GSLIS offers new Certificate in Youth Services

GSLIS is enhancing its top-ranked program in youth services librarianship with a new certificate that will better prepare students for their careers. The Certificate in Youth Services is designed to fully meet the educational needs of GSLIS students who are interested in working with young people in a public library setting. The certificate also will provide a competitive edge to graduates seeking professional positions in public library youth services librarianship.

GSLIS students specializing in public library youth services can enroll in the certificate program to gain the content knowledge, hands-on skills, and professional perspective that will enable them to become leaders in twenty-first century public library youth services librarianship. They also will gain a deeper understanding of the roles that public libraries can play in youth advocacy and literacy in the larger picture of youth services librarianship in school and public library settings.

“With the establishment of this certificate, which supplements our curriculum and professional training, GSLIS truly becomes a ‘full service’ school for public and school youth services librarianship,” said Associate Professor Christine Jenkins, who directs the new certificate program. “The certificate allows our students to demonstrate their professional preparation and assure prospective employers that they are fully prepared for professional youth services librarianship.”

The certificate requires 12 credits of coursework in youth services. One course is required: LIS 506: Youth Services Librarianship, a four-credit course that provides an overview of the user-centered approach for youth services librarianship in serving not only young people (ages 0-18) but also parents, adult caregivers, teachers, and others involved in work with young people in formal and informal settings.

In addition to course credits, students earning the certificate are required to complete a 100-hour practicum in a public library youth services setting. The practicum is similar to student teaching in that students are engaged in various aspects of professional tasks under the supervision of a seasoned public library youth services librarian.

The Certificate in Youth Services also is open to those holding a pre-existing MS in LIS from an ALA-accredited institution who seek either to enhance their expertise in public library youth services work or to acquire an additional credential demonstrating their professional preparation.

According to Jenkins, “The certificate is a ‘win-win’ situation for professionals on both sides of the hiring desk.”

Updated on
Backto the news archive

Related News

Prillaman joins the iSchool Advancement Office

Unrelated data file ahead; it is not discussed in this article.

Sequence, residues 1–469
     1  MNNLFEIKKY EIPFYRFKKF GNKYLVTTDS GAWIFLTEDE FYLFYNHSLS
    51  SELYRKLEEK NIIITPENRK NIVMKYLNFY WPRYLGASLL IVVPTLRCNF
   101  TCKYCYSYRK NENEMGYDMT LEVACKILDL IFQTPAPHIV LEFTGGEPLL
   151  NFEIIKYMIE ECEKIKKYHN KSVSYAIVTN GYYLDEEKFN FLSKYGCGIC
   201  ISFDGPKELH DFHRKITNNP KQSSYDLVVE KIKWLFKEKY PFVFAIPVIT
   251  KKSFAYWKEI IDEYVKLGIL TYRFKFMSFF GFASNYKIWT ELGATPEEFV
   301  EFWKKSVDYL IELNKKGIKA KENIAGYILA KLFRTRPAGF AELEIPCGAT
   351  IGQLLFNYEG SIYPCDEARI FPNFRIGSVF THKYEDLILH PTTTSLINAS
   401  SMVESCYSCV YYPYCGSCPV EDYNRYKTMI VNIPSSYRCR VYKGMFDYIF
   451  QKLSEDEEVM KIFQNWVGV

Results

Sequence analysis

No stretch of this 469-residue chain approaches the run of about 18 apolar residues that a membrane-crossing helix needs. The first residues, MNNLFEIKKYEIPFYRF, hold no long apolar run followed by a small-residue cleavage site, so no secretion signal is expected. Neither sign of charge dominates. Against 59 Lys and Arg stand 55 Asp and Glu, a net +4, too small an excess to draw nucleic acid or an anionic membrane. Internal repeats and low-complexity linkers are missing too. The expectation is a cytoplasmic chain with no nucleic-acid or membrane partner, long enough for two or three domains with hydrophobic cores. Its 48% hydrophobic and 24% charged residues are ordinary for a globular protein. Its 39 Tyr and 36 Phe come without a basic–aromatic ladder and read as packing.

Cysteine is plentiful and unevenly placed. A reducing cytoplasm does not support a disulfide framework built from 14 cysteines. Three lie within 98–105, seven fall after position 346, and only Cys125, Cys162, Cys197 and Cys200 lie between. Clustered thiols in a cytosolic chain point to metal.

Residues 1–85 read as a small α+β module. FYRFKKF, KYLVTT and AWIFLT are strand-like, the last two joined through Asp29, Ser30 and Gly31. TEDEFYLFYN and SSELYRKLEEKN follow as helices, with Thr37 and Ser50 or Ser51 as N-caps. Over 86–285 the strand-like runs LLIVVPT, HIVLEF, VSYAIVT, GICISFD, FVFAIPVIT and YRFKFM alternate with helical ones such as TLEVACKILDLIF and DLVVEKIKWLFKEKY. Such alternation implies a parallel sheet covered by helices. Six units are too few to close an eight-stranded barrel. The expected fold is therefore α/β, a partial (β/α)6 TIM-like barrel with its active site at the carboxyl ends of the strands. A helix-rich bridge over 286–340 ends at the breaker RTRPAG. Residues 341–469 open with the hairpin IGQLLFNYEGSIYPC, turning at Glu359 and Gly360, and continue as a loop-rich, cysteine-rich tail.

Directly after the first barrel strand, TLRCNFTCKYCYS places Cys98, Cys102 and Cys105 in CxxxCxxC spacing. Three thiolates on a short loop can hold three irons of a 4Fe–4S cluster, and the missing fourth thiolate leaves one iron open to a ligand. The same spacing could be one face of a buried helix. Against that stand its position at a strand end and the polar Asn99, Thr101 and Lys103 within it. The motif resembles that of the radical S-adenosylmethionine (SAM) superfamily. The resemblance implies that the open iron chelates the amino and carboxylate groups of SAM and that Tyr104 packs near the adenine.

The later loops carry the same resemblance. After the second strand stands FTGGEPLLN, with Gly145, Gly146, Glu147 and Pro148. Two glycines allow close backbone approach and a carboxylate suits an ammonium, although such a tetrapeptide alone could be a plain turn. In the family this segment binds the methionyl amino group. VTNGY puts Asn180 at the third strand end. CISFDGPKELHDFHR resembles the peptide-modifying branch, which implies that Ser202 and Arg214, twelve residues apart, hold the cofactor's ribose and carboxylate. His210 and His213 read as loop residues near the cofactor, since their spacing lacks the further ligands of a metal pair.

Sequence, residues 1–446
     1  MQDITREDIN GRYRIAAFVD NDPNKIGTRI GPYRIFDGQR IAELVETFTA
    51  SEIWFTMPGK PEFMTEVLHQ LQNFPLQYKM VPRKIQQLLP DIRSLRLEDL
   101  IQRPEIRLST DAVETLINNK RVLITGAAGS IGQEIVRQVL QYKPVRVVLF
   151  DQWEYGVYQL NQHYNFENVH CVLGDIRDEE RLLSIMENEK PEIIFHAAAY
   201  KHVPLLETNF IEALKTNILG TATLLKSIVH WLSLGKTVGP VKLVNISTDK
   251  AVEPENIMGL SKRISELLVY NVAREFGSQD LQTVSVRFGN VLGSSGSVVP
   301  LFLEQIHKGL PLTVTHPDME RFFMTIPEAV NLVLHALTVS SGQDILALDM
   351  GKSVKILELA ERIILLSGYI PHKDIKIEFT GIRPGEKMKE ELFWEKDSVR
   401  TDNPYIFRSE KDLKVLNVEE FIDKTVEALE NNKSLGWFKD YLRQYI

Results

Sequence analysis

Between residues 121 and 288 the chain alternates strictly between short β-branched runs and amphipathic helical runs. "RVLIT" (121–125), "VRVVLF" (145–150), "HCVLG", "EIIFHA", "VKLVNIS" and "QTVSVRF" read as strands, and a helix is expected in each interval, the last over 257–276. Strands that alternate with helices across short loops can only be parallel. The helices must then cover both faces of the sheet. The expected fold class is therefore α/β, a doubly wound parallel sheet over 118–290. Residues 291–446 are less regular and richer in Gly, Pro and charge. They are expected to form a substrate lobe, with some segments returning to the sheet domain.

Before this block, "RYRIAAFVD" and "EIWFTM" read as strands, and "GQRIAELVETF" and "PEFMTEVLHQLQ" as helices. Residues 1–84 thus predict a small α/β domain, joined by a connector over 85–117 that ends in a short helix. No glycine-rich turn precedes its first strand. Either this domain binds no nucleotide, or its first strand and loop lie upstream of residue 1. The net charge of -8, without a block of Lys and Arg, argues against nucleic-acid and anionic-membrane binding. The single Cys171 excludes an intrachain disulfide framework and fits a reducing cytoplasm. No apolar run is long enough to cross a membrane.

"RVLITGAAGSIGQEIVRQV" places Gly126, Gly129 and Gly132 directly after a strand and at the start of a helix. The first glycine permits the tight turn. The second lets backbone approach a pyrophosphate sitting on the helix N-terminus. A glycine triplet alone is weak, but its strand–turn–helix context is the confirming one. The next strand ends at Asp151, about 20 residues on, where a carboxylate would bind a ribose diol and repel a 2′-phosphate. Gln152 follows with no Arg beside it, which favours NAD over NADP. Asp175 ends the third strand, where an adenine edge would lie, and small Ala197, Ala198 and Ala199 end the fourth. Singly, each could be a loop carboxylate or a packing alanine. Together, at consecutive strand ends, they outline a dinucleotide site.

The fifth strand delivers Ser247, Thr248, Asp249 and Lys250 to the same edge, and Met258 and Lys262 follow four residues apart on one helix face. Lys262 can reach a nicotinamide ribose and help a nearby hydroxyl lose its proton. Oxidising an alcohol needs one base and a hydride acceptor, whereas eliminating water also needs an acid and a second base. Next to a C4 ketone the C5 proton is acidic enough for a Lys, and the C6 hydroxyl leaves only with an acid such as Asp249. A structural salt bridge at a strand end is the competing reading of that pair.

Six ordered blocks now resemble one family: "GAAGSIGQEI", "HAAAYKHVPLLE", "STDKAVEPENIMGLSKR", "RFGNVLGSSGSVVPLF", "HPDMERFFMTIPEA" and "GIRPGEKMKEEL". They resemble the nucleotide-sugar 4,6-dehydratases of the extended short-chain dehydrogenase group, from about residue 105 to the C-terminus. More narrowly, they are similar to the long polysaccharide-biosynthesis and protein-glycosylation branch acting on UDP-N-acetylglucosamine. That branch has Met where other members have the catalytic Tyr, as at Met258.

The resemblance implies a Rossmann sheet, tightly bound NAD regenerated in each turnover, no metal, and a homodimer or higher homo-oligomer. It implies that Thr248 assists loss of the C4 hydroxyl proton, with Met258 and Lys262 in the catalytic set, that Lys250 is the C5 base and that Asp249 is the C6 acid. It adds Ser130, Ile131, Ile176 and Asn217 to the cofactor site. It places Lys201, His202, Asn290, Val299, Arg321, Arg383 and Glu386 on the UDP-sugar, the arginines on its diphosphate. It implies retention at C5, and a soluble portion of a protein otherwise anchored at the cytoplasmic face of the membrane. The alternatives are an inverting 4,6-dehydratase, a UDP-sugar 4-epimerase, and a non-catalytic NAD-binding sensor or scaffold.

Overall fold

Eileen Prillaman joined the iSchool on October 18 as assistant dean for advancement. In her new role, she will lead and manage a comprehensive advancement strategy for the iSchool that includes alumni, friends, corporations, and foundations which is aligned with the School's vision, mission, and goals. She comes to the School from the College of Fine and Applied Arts (FAA) at the University of Illinois, where she served as director of stewardship and donor relations.

Eileen Prillaman

Scavenger hunt builds community

iSchool students learned more about campus and each other at the second annual iSchool Scavenger Hunt. The event, which was held September 3-10, was open to on-campus students in all programs. Students who opted to participate were placed in small groups of peers in the same degree program. Students were given a list of ten campus locations to find, such as the Alma Mater, Morrow Plots, and Main Library. In addition to checking a point of interest off their lists, the students would take a group selfie at the spot.

Alma Mater Group at the iSchool scavenger hunt

iSchool instructors ranked as excellent for Summer 2021

Nine iSchool instructors were named in the University's List of Teachers Ranked as Excellent for Summer 2021. The rankings are released every semester, and results are based on the Instructor and Course Evaluation System (ICES) questionnaire forms maintained by Measurement and Evaluation in the Center for Innovation in Teaching and Learning. Only those instructors who gave out ICES forms during the semester and who released their data for publication are included in the list.

iSchool Building

Quealy-Gainer selected as editor of The Bulletin

Kate Quealy-Gainer (MS/LIS '09) has been selected as editor of The Bulletin for Children's Books, one of the nation's leading children's book review journals for school and public librarians. She has over a decade of experience with the publication, starting as a reviewer while a student in the MS in library and information science program.

Kate Quealy-Gainer